• Dr John Sanford—has been granted over 30 patents arising from his research in plant breeding and genetics. His most significant scientific contributions involve three inventions, the biolistic (‘gene gun’) process, pathogen-derived resistance, and genetic immunization. A large fraction of the transgenic crops (in terms of both numbers and area planted) grown in the world today were genetically engineered using the gene gun technology developed by John and his collaborators. Dr Sanford was honoured with the Distinguished Inventor Award by the Central New York Patent Law Association in 1990 and 1995.

  • Dr Wally (Siang Hwa) Tow—groundbreaking research in ‘molar pregnancy’, a poverty-related disease. He was invited to lecture in some fourteen top Obstetrics-Gynaecology departments in America in 1962–3, including leading universities such as Harvard, Johns Hopkins, Columbia, New York, UCLA, Cornell, and Stanford. He was awarded the William Blair Bell Lectureship by the RCOG in recognition of the importance of this work. He served as Professor and Chairman of the Department of Obstetrics and Gynaecology, National University of Singapore.


It is clear that creationists have made and continue to make substantial contributions to science. We might not even have had modern science as we know it without creationists!


Creationist Presuppositions Provide The Philosophical Backbone To Science

The very basis for scientific research is biblical creation. This is not to say that noncreationists cannot be scientists. But, in a way, an evolutionist is being inconsistent when he or she does science. The big-bang supporter claims the universe is a random chance event, and yet he or she studies it as if it were logical and orderly. The evolutionist is thus forced to borrow certain creationist principles in order to do science. The universe is logical and orderly because its Creator is logical and has imposed order on the universe. God created our minds and gave us the ability and curiosity to study the universe. Furthermore, we can trust that the universe will obey the same physics tomorrow as it does today because God is consistent. This is why science is possible. On the other hand, if the universe is just an accidental product of a big bang, why should it be orderly? Why should there be laws of nature if there is no lawgiver? If our brains are the by-products of random chance, why should we trust that their conclusions are accurate? But if our minds have been designed, and if the universe has been constructed by God, as the Bible teaches, then of course we should be able to study nature. Science is possible because the Bible is true.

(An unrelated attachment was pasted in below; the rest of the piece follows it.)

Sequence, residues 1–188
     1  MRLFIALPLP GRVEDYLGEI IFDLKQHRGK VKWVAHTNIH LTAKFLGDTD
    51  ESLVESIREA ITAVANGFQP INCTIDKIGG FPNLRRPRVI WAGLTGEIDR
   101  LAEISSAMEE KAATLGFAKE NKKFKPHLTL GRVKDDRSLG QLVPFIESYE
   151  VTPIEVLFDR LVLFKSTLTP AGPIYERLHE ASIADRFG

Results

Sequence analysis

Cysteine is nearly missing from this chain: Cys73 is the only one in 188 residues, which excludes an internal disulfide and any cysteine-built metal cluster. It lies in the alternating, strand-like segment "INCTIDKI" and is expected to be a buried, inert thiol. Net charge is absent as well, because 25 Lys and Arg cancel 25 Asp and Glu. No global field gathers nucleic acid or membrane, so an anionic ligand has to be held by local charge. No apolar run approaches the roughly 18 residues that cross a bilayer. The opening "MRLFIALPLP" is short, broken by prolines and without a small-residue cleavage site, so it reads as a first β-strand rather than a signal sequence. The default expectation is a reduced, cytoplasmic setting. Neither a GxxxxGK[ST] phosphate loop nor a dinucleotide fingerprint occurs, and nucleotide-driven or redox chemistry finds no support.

Pre - Modern

Francis Bacon (1561–1626), the classical scientific method; Gerardus Mercator (1512–1594), cartography, inventor of the Mercator map projection; Galileo Galilei (1564–1642), physics, astronomy; Johann Kepler (1571–1630), astronomy; Blaise Pascal (1623–1662), probability, hydrostatics, the barometer; Robert Boyle (1627–1691), chemistry, gas dynamics; John Ray (1627–1705), natural history; Nicolaus Steno, founder of stratigraphy (geology); Isaac Newton (1642–1727), dynamics, gravitation law, law of cooling, reflecting telescope, spectrum of light, co-inventor of calculus; Gottfried Wilhelm Leibnitz (1646–1716), mathematics, co-inventor of calculus; John Flamsteed (1646–1719), Greenwich Observatory Founder; Carolus Linnaeus (1707–1778), taxonomy, biological classification system; John Dalton (1766–1844), atomic theory, gas law. There are many others.